There was a time I knew nothing about Italian wine. It feels like yesterday. When I say ‘nothing’ I mean absolutely zero. Less than a single thing. To put it in perspective, I didn’t even know Chianti and, well, everybody knows Chianti. I was drinking mostly West Coast Coolers back then. I blame them for all that was wrong in my life in those days. (If you must look up West End Coolers…don’t. It’s not worth your time).
Then, suddenly, I knew Chianti. I think of it as my Silence of the Lambs moment. To be more precise, at that point I knew of Chianti while knowing nothing about Chianti, aside from its suitability as a wine to enjoy with fava beans and brains. I don’t think I was alone.
Still, it was a beginning.
The real magic arrived with the contents of a Chianti bottle. Knowing the name led to trying the wine, which led to discovering the joy of sangiovese. Life doesn’t get more beautiful than that. But with beauty, inevitably, comes complexity and, as they say, a little knowledge is a dangerous thing.
“I mostly drink Chianti” I would say to anyone who’d listen. “I love Sangiovese. It’s wunnerful!”
Until, one day, somebody said “but not all Chianti is Sangiovese”.
It turned out Chianti is only sometimes 100% Sangiovese, is sometimes blended with Cabernet Sauvignon or Merlot and in the past was also blended with local white grapes. Apparently it used to be law. That same know-it-all also suggested that if I like sangiovese I must also like drinking Brunellos.
“Brunellos” he repeated. The look of confusion on my face must have softened his superciliousness. “Wines with Brunello di Montalcino on the label” he added, “are also sangiovese, from the area around the town of Montalcino. And nearby, in Montepulciano, they call their Sangiovese wines Vino Nobile di Montepulciano”.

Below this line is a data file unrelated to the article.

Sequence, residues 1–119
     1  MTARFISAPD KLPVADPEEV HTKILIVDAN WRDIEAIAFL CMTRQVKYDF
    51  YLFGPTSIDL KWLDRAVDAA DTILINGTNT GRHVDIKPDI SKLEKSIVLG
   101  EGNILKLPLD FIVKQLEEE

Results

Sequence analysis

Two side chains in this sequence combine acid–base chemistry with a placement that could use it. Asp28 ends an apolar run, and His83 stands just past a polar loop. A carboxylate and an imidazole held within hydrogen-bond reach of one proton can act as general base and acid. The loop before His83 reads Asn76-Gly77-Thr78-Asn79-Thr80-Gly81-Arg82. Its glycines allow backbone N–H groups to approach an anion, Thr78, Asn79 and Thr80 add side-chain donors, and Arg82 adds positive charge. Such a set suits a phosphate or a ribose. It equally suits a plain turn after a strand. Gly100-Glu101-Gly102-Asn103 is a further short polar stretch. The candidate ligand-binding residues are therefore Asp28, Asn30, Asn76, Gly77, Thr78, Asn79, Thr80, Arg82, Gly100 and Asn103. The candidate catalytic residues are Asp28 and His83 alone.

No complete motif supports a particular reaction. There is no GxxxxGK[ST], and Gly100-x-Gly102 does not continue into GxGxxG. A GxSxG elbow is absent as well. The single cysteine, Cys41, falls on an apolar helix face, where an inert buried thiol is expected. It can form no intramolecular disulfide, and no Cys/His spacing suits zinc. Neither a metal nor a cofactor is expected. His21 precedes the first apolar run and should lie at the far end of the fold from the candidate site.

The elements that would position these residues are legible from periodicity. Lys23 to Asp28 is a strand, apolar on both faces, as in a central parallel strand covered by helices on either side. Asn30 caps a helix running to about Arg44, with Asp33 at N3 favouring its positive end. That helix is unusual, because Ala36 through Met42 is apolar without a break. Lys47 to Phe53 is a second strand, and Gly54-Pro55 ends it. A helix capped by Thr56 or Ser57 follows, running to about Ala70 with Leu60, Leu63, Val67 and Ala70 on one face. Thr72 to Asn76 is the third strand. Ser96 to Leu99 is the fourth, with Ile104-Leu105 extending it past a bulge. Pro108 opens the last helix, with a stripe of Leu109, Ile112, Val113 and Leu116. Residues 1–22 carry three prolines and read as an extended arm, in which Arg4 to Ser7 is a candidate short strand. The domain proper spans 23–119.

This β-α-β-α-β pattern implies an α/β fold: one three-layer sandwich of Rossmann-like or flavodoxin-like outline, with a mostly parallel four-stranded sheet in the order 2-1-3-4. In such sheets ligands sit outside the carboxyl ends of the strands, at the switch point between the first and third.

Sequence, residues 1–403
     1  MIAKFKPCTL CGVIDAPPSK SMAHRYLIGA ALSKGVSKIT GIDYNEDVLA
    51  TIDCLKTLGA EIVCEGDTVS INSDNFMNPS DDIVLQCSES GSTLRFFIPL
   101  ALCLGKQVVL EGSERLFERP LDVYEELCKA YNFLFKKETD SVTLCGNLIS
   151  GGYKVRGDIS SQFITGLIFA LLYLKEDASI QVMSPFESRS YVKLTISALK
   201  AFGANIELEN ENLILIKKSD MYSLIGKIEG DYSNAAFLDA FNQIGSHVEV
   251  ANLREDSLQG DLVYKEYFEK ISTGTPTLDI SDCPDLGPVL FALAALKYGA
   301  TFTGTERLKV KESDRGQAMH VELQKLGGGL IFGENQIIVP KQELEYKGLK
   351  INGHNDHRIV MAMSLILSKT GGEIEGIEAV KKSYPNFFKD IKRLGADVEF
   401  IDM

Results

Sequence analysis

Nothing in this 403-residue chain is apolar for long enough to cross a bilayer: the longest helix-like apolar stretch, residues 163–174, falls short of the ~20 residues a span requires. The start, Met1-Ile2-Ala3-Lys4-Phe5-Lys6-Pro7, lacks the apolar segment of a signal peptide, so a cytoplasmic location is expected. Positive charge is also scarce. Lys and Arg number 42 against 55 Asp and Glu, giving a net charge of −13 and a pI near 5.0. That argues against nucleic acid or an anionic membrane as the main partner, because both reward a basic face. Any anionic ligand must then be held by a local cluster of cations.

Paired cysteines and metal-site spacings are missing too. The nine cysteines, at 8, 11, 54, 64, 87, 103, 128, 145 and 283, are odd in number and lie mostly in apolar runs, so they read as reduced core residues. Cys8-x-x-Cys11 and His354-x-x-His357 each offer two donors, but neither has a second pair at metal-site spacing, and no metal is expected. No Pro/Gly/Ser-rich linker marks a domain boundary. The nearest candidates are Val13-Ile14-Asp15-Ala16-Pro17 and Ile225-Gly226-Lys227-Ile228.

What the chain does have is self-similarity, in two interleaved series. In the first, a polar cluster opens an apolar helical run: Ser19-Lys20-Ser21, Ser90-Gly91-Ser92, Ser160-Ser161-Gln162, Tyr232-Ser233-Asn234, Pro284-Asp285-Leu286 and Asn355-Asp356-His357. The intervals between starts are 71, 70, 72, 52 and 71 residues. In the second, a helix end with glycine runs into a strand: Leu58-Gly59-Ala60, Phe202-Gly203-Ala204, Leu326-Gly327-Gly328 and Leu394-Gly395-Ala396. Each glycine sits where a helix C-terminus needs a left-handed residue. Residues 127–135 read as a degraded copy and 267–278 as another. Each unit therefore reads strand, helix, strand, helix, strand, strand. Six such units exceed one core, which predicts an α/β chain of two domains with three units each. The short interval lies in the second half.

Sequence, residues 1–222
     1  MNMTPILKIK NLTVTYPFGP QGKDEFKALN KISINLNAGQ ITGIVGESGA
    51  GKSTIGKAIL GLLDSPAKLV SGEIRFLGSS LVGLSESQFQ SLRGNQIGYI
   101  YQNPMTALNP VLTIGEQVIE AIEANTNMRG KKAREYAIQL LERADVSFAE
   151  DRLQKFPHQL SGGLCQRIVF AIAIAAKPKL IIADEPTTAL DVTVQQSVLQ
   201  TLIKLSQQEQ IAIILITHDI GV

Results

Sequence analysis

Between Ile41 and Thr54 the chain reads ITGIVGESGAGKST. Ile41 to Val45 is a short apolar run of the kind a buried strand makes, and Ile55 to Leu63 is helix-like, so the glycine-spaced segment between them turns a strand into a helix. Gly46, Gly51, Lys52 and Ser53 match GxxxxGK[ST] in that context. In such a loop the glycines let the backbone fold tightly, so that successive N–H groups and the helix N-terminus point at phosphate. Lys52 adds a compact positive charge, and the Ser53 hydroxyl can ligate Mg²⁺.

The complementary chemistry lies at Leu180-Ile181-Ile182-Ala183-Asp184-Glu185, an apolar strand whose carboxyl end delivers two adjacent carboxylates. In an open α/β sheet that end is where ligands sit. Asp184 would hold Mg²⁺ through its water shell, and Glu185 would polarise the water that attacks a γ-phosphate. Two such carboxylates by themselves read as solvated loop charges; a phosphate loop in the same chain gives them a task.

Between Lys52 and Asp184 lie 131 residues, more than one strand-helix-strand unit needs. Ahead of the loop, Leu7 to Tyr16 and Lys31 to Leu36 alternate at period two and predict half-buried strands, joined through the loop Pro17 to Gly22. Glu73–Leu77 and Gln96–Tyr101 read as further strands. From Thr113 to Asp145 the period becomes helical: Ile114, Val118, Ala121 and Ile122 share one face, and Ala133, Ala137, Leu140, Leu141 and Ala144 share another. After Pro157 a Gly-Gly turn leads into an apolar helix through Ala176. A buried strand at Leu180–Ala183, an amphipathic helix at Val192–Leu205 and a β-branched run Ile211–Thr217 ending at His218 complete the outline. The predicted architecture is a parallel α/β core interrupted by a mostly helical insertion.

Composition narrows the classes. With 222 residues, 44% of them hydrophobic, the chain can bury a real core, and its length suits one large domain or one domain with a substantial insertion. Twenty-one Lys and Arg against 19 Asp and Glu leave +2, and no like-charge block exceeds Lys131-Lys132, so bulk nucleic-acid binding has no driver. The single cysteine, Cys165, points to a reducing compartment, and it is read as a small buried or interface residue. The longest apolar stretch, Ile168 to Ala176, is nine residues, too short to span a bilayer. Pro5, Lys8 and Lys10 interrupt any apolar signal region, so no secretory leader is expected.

“What? What happened to Chianti?”
“It’s still there, but they’ve broken it up into sub-regions because the growers in the original bit got snarky that other people were using their name, so they created the Gallo Nero or Black Chook to designate the original Chianti which they now call Chianti Classico.”
I was really starting to hate this guy. It used to be so simple, so perfect, but now I was starting to become confused. Yet, at the same time, I was begrudgingly admiring of this wine-savant who appeared to possess so much intricate knowledge.
“How do you know so much?” I asked him. He just shrugged his shoulders as if to say that how much he knew wasn’t really that important.
Instead he countered with “If you like Sangiovese, you should really try Barbera d’Alba from a little further north in Piemonte. Or maybe, something lighter like a Rondinella from the area of Bardolino near Venice. I also really enjoy some of the wines from the south of Italy: Aglianico from Basilicata or Nero d’Avola from Sicily. In fact, just last night….”
And there I was. At the foot of the great Italian wine mountain, it’s snowy peaks hidden behind high white clouds. It’s steep slopes a raucous confusion of different possible paths. It looked daunting. Did I really want to start this long trek? What was waiting for me at the summit? Would I even reach the top of this challenging peak? Clearly, I had a decision to make.
I fixed my eyes on my wine tormentor/mentor and in a voice that barely masked my nervousness I asked, “So where can I buy a decent bottle of Barbera?”
Why not start your journey at the wine tasting below?